Friday, October 05, 2012

Insepulto: Morbid Spawn of Resurrection (2012)

Guest review by Patrick, proprietor of Beards, Etc.

Insepulto are a Costa Rican death metal act who released their debut album Morbid Spawn of Resurrection last month. The members all appear to be active parts of other groups in the current Costa Rican death metal scene, but I was not familiar with them or any of their related bands prior to hearing this.

In some ways, this album could be heaped on the pile of old school death metal releases that seems to be growing wildly out of control these past few years [I know I can't keep up--FMA.]. They do certainly draw heavily on older influences, though not really from the earliest glimmers of Florida death metal or the buzzsawing Swedes. Rather, they are more in the vein of some of the slower, more bass heavy death metal acts that emerged in the early 90's. And I found them more compelling than a simple old school clone for a few reasons. For one thing, the beefy riffing comes with a welcome level of energy and is often surprisingly catchy. For another, the scattering of soaring leads are employed perfectly to accentuate and punctuate the material.

The most important thing that really sets this band apart, though, is the vocalist. His voice is malevolent and dynamic, with an ability to change things up as he goes, and he has a strangely fascinating quality to his delivery in many places. In a weird way he often reminds me of Johnny Cash, in that it almost feels like he is rhythmically talking his way through the vocal passages rather than outright singing. But instead of Johnny's cracking baritone, he's doing it in a deeply guttural death growl that is one of the most stunningly intelligible examples of the style I've ever encountered. The net effect is that it sounds like a demon is standing there talking to you while death metal musicians play in the background. This really makes the material come across as personally menacing in a very different way than the typical directionless violence found in the genre. I should point out that this is not the case on every track, but it crops up often enough to be noteworthy.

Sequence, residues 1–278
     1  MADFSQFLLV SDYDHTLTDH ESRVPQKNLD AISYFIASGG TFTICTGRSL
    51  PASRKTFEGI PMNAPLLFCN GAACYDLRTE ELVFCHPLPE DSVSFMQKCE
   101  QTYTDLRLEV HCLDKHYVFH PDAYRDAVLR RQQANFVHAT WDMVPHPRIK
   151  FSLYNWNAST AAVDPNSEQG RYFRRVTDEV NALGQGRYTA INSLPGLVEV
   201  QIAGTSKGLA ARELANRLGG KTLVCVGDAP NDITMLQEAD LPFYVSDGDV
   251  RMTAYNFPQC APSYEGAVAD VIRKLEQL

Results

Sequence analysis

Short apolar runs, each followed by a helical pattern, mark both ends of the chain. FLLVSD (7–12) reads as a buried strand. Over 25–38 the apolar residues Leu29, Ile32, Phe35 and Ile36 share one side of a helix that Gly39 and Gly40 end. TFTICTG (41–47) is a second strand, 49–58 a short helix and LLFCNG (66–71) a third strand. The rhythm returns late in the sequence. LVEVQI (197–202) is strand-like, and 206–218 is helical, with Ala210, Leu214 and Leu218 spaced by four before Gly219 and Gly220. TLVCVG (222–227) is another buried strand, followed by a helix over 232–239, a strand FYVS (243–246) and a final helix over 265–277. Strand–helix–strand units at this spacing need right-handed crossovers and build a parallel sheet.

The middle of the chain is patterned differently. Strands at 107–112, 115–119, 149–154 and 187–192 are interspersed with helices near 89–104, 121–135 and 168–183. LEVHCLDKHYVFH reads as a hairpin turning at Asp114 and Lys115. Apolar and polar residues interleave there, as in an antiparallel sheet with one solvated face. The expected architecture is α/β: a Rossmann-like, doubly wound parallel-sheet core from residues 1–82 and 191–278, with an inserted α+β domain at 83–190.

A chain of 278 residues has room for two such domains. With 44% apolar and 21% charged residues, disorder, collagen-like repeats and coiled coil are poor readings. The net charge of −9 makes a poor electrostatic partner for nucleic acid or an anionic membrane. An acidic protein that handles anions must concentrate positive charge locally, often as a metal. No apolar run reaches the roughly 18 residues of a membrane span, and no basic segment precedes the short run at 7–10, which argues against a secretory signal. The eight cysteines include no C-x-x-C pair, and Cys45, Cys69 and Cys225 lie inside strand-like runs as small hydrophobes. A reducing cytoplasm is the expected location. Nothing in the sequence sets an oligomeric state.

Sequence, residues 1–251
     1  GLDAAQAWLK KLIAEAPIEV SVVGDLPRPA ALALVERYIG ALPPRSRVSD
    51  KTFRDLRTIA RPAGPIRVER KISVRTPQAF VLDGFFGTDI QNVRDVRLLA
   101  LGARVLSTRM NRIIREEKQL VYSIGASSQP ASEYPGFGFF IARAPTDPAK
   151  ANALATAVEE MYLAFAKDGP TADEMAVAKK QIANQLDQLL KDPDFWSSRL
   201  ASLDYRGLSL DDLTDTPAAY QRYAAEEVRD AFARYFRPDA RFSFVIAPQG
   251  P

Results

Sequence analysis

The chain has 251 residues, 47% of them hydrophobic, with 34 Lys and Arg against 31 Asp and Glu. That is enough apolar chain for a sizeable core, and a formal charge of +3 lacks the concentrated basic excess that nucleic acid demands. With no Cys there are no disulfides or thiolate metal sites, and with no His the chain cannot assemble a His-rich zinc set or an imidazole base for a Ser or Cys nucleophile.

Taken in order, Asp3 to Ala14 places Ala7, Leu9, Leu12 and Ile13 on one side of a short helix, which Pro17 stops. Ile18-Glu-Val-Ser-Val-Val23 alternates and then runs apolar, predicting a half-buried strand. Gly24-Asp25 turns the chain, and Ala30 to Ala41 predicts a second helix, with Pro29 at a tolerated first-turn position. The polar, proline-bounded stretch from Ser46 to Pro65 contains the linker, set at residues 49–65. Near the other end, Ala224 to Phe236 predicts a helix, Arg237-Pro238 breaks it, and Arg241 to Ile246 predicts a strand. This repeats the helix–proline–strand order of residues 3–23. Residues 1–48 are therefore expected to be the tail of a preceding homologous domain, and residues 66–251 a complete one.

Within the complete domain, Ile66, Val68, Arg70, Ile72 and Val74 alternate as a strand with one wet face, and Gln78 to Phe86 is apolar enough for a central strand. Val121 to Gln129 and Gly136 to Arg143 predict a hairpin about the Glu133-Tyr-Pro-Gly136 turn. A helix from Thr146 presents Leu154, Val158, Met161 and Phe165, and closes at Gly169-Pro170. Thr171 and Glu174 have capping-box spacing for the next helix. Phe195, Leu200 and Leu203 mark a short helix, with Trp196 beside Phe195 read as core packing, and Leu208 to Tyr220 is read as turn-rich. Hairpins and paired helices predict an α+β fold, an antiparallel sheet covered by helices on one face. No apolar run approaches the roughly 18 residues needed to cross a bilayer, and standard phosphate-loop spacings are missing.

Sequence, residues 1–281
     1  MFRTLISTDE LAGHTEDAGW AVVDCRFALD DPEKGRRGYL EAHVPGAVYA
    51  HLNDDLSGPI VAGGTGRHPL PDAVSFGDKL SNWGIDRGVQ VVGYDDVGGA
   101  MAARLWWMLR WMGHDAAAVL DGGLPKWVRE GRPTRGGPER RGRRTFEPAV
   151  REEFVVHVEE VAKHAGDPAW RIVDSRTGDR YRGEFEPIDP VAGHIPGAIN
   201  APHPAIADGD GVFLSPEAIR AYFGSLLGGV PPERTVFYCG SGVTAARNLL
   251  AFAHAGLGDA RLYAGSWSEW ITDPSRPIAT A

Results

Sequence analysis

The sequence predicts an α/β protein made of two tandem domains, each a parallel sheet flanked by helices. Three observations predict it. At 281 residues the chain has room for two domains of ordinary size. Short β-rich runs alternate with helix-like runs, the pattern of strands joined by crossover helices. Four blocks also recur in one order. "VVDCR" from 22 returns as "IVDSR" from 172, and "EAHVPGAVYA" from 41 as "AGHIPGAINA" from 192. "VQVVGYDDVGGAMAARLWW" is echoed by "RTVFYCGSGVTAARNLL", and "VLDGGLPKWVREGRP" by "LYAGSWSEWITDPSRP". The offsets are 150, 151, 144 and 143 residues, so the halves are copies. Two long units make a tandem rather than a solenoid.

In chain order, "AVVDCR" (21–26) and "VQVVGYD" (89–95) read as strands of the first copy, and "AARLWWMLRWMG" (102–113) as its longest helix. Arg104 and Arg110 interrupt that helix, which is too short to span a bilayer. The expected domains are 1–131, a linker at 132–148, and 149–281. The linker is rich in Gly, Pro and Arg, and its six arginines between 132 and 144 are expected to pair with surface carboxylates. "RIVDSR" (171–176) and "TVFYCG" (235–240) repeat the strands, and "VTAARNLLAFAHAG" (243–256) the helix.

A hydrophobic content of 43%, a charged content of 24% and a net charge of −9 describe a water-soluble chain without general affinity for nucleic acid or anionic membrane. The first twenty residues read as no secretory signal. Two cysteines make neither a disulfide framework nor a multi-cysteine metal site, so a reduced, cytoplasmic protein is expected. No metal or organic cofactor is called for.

Now sadly, there are some downsides to be found. Most notably, the band really needs to break up their pace more than they do. The riffing is mostly good, but it rarely deviates much from a solid mid-tempo crunch. And virtually every song is the same length. All but two fall between three and three-and-a-half minutes. This isn't the end of the world, but some greater structural variety would probably improve the overall listening experience. In addition to this, while they play it well, the band's basic approach really doesn't break any new ground. Of course, that almost goes without saying in straight-up death metal these days, so it's not a major detriment.

On the whole, despite these minor complaints, I really enjoyed this record. They are not pioneering a new style or anything, but what the band does, they do exceptionally well. Above all, I was personally quite captivated by the vocals. The album is more than worthy of a listen.

The Verdict: 4 out of 5 stars

Very good death metal with plenty of crunch and some excellent vocals.

Psycho Records

1 comment:

  1. Hi there! I know this isn't the right place to post this, but I just published an article about Indonesian brutal death metal. I hope you don't mind that I borrowed the format from your Atlas of Metal series. I loved that series, but it hasn't been updated in a long time, so I took matters into my own hands by taking a look at one of my favorite scenes.